I woke early (around 6:30 AM) and checked the weather for my flight to St. Louis. A lot of convective activity existed along the direct route, but it looked as though I could get most of the way there by staying to the north. After driving me to the airport, I put two quarts of oil in the engine and removed the wheel pants to pump up the tires. They were down to 35 psi - way too low. I had been trying to keep them at 50 psi, but Ken Miller suggested 60-70 psi, so I pumped them up to 62 psi - it made a big difference on the ease of pushing the plane around on the ground, as well as the ground roll on takeoff. After saying goodbye to my father,I headed out toward Kent State, OH (1G3). Checking the weather along the way, I decided to continue on to Sandusky County Airport,OH (S24), where I would stop to get some food, unload my bladder, and check the weather further on with something a little more detailed, like radar.
This place was dead - no activity whatsoever, but they let me use a car to go into town to get some food, and although their weather station was dead too, they let me use their computer to check the ADDS weather site. Things looked decent through northern Indiana and down through mid-Illinois, so I tood off and headed out. I stayed below the clouds in the haze at around 3000 ft., but I got Flight Following from ATC, and there was very little traffic. At first I was going to go to Central-Illinois Regional Airport for my next stop (KBMI), but as I got close the AWOS-3 weather stations further along the way were reporting clear weather, so I continued southward toward Decatur (KDEC) and Taylorville (KTAZ). The weather at St. Louis Regional was 1/4 mile visibility and 400 ft. ceilings as I approached Taylorville, so I landed there to wait for the weather in St. Louis to clear and to call Curt Smith to see how things were going.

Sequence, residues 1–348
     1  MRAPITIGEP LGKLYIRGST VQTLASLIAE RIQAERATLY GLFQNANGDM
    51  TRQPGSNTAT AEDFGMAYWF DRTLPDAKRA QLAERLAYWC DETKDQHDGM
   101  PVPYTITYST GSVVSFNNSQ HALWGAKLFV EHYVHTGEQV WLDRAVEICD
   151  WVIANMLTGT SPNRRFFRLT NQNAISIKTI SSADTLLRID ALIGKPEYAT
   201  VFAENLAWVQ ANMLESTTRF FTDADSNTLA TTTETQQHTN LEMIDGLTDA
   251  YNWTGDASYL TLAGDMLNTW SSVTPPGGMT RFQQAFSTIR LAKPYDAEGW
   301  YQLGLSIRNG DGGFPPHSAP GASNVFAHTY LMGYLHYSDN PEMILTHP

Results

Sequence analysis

As I checked the weather from the Taylorville weather computer, St. Louis suddenly cleared to VFR conditions. Curt said it looked good there, so we both headed off for St. Louis Regional (KALN) at the same time. I beat him by about a minute - the 50 miles took about 20 minutes. We tied the plane down and headed over to Curt's place. Curt lives on a lake, so we took a short ride in his boat to cool off and look around. Around dinner time, Curt, his wife Judy and I took the boat over to the community clubhouse, where they have a small restaurant, to have dinner outside on the deck overlooking the lake. Very cool.
When we got back to Curt's house, we spent some time looking at pictures of his trip up to Montana - he goes to a family ranch on the Yaak river, right up in the northwest corner of Montana near the Idaho / British Columbia border. Curt flew his COZY up there from St. Louis - saves a LOT of driving. After that, we talked for a while and then went to sleep.
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